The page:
This season encourages local shopping

With the holiday season comes a local shopping campaign.

The push is in full force with a nod to Small Business Saturday and runs through December.

After a two-year pandemic holiday that saw people spend more dollars online, shoppers are back in force at stores and holiday markets. It’s a welcome trend for both small businesses and urban centers dealing with supply chain issues, rising costs and other challenges.

“Approximately 40 Long Island downtowns are hosting Shop Local and Small Business Saturday events, promotions and holiday activities, so it’s ‘Small Business Season,'” Eric Alexander, founder of the LI Main Street Alliance, told LIBN in a written statement.

“With economic headwinds from inflation and winter energy costs, it’s more important than ever to support your independent local businesses,” he said.

On Long Island, the effort includes leaders of local chambers of commerce and government. The shop local campaign is recognized in communities across the country.

Small Business Saturday started with American Express in 2010 during the recession. His message of attracting shoppers to small businesses has resonated ever since.

“Small Business Saturday is economic patriotism at its best – supporting jobs and building thriving communities on the day you buy gifts for loved ones or visit a local restaurant,” said Bridget Weston. Weston is CEO of SCORE, the US Small Business Administration’s resource partner with a network of volunteer business mentors supporting small business owners.

In the city of North Hempstead, for example, officials say that for every $100 spent locally, about $70 stays in the community. For example, in the city’s Port Washington neighborhood, leaders are ready to welcome shoppers who won’t have to worry about “feeding the meter” during the holiday season.

“Port Washington is such a magical place, especially during the holiday season,” City Councilwoman Mariann Dalimonte said in a statement. “We will once again temporarily suspend parking fees in Port Washington to encourage residents to support our local shops and restaurants.”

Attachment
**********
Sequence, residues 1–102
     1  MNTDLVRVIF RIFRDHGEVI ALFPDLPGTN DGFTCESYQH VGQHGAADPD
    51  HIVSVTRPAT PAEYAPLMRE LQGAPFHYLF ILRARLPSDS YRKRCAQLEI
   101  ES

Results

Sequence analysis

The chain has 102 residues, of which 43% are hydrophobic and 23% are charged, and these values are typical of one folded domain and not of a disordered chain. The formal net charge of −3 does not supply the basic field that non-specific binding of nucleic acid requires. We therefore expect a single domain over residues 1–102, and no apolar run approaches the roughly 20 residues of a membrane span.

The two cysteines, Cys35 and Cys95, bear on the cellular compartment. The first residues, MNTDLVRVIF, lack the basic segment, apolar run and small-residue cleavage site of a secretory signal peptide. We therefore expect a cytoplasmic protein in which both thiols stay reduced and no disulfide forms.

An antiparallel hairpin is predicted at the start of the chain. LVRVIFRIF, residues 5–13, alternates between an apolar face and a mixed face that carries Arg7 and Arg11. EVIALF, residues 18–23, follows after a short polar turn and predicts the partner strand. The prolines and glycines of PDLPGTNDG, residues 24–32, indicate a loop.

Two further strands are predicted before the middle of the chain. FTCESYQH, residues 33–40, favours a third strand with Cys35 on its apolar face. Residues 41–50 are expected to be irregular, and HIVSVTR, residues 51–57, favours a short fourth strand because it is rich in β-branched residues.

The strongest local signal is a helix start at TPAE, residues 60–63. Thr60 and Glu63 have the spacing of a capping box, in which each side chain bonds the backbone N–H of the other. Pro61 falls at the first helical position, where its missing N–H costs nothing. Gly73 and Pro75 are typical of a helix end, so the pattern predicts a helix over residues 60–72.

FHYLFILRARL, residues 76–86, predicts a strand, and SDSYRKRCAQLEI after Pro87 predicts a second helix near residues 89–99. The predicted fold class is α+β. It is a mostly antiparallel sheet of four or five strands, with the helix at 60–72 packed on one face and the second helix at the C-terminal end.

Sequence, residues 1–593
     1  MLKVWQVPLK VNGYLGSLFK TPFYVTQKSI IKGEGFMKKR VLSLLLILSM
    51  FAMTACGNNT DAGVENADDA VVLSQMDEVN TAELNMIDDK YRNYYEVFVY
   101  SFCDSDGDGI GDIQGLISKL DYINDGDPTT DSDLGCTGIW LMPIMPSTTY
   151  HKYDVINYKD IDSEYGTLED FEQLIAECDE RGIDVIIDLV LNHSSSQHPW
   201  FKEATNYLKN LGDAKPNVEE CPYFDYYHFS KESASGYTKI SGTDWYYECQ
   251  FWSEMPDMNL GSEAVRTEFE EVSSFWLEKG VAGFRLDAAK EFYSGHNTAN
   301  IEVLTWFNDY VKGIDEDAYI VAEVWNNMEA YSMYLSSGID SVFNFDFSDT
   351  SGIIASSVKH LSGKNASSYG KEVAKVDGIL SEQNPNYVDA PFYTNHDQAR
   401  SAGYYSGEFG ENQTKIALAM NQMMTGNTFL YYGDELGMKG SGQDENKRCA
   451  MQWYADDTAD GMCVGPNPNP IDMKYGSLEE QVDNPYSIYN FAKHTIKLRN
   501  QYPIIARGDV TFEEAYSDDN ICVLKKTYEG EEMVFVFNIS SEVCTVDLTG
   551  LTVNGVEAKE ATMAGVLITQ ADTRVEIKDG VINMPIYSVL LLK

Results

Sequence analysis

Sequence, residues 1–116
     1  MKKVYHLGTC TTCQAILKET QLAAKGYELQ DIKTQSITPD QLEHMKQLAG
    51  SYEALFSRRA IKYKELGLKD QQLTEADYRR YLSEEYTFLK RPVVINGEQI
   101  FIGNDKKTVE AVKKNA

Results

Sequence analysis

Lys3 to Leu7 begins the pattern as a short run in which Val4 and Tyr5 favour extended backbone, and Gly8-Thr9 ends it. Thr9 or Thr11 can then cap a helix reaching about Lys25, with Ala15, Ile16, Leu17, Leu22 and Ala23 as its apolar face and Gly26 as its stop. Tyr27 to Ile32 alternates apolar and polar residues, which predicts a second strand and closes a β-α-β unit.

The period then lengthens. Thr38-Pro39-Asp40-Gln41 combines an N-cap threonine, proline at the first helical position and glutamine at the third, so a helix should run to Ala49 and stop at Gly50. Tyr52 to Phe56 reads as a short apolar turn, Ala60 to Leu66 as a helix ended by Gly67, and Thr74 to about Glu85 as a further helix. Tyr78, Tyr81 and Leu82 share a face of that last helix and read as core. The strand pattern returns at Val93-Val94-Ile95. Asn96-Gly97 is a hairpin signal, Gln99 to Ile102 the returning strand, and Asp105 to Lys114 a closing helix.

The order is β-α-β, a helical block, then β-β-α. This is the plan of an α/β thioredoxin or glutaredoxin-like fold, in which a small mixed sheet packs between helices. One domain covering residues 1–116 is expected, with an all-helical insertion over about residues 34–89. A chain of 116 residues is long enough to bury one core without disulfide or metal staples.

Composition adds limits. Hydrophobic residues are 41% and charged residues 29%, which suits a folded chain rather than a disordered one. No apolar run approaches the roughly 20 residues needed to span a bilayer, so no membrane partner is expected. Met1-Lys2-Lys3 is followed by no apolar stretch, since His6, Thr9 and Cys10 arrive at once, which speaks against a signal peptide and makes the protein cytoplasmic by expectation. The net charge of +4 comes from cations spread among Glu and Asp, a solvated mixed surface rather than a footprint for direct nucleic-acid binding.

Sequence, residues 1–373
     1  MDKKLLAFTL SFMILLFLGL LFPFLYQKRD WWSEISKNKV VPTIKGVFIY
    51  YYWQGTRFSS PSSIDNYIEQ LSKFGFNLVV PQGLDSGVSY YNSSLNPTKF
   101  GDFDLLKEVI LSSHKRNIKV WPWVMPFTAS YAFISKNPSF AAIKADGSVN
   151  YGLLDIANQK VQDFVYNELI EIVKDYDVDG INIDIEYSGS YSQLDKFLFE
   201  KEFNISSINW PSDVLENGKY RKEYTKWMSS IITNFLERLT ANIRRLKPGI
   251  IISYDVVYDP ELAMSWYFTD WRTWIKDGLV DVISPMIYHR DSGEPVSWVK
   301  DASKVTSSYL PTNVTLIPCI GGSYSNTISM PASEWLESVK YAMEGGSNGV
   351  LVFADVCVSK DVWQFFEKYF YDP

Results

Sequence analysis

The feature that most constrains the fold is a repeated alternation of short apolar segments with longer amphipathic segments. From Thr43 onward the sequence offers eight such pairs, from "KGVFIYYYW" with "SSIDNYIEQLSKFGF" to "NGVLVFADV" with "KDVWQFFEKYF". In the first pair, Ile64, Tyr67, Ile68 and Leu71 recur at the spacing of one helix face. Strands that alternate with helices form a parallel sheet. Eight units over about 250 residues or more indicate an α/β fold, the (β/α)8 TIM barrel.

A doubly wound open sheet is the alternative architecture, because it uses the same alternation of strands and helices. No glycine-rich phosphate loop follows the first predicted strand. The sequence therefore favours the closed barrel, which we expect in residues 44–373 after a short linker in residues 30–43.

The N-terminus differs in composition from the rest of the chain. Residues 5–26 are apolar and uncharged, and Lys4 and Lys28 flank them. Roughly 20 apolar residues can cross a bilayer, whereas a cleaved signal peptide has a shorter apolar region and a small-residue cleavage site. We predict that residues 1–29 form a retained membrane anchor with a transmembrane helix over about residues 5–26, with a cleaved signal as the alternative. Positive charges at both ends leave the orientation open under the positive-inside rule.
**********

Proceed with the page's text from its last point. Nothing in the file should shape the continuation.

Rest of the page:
He noted that “supporting local business can have a positive impact on the entire community. This includes creating jobs, helping local organizations and, of course, supporting the business owners who make Port Washington amazing.”

Efforts promote a sense of community. For example, Stony Brook Village Center has festivities at the upcoming Black Friday Party, with plenty of shops, restaurants and nearby the newly opened Long Island Music and Entertainment Hall of Fame and other venues. The village center event will feature carolers, live music and a petting zoo from 2 to 4 a.m.

For Keith Hall, president and CEO of the National Association for the Self-Employed, which offers grant programs funded by AARP and Dell, the small shop campaign is a chance to celebrate entrepreneurial ingenuity and determination.

“From dealing with a devastating pandemic to dealing with uncertain economic times, America’s small businesses represent the true entrepreneurial spirit of our nation,” he said. “At the same time, we’ve seen new small businesses open in all demographics, including older entrepreneurs starting new small businesses after retirement and continuing existing small businesses.”